Dickinson Research Extension Center
1089 State Avenue
Dickinson, ND 58601
Value Captured from Grassland and
Forages Boosts Beef Production Profit Margins
L. Manske PhD, Range Scientist
Amy M. Kraus, Composition Assistant
Thomas C. Jirik, Agriculture Communication Editor
North Dakota State University
Dickinson Research Extension Center
Increasing the value captured from grassland pastures and harvested forages is the key to improving profit margins for the beef production industry, says a North Dakota State University range scientist.
"Some production costs
for the beef industry in the Northern Plains are unnecessarily high because
livestock producers tend to rely on traditional pasture-forage management practices
that inefficiently capture the nutrients produced on a land base," notes
Lee Manske, a range scientist at NDSU's Dickinson Research
Extension Center. "These practices result in higher costs for the nutrients ingested by the animals, increased annual production costs per animal, and low profit margins. Just as the value added to a commodity at each stage of production provides economic benefit, increasing the value captured from the land base reduces
costs and strengthens profit margins."
Livestock production enterprises
such as backgrounding, retained ownership, regional feedlots, and regional packing
plants add value to beef commodities and should improve the economic status
of the entrepreneur and the region. Historically, raw commodities like wheat
and weaned calves have been shipped from the Northern
Plains to other regions, which gained the economic benefit of the market value added to the commodities at the successive stages of production. The value added to raw commodities from the Northern Plains built much of Minneapolis and Chicago, Manske says.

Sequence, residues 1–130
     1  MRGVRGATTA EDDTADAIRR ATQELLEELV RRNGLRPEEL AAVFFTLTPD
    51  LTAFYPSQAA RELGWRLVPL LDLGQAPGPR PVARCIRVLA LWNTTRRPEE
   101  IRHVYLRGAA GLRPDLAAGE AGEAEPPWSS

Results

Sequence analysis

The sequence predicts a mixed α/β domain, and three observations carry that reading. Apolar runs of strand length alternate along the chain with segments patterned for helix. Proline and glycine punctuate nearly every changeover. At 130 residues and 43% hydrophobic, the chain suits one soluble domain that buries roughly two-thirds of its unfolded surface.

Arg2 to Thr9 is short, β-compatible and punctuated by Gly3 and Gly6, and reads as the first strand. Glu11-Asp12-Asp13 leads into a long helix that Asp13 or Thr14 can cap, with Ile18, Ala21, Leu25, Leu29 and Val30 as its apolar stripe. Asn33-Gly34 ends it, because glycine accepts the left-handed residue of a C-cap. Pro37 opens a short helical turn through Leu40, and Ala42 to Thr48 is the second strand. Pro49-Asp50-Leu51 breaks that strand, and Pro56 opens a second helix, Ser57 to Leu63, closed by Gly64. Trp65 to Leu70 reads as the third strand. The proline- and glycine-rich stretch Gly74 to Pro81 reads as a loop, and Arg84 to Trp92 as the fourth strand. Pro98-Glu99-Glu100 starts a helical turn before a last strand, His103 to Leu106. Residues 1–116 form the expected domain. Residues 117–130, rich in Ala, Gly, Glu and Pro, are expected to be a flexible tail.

Similarly, agricultural producers and the Northern Plains region can gain economic benefit by adding value to regionally produced raw commodities through the development and operation of enterprises that continue the progression of production stages. Beef producers and the region can also benefit economically from an increase in the value captured from the land resource, Manske observes.
Value captured is the market value of a resource's potential that would otherwise be lost, but instead is developed and converted into a saleable commodity. The improved efficiency of biologically effective pasture-forage management strategies results in increased value captured from resources on a land base, Manske states. Traditional pasture-forage management practices make the conversion inefficiently. The quantity of forage nutrients produced but lost because they are not converted into a saleable commodity raises livestock production costs.
Implementing of biologically
effective pasture-forage management strategies increases the quantity of forage
nutrients produced and improves the efficiency of forage nutrient capture and
conversion of forage nutrients into saleable commodities, Manske explains. An
increased quantity of forage nutrients produced and
captured as a commodity reduces livestock production costs and improves profit margins.
strategies that increase value captured place the biological requirements of
the plants and the ecosystem processes as the highest priority," Manske
says. "Those systems coordinate grazing and harvest periods with plant
growth stages. Consequently, grazing and harvest periods are timed to remove
greater amounts of nutrients rather than greater amounts of dry matter and provide
adequate nutrients throughout the cows'
12-month production cycle. The most successful systems combine pasture and forage types in a 12-month sequence so that the herbage production and nutritional quality curves are coordinated with the 12-month dietary quantity and quality requirement curves of cow production periods," Manske states.
Beef production is the
last meat industry to increase the efficiency of feed management systems, Manske
notes. He emphasizes that the future profitability of the beef industry depends
on its ability to reduce production costs by implementing improved, efficient
12-month pasture-forage management strategies that increase the value captured
from the land base.
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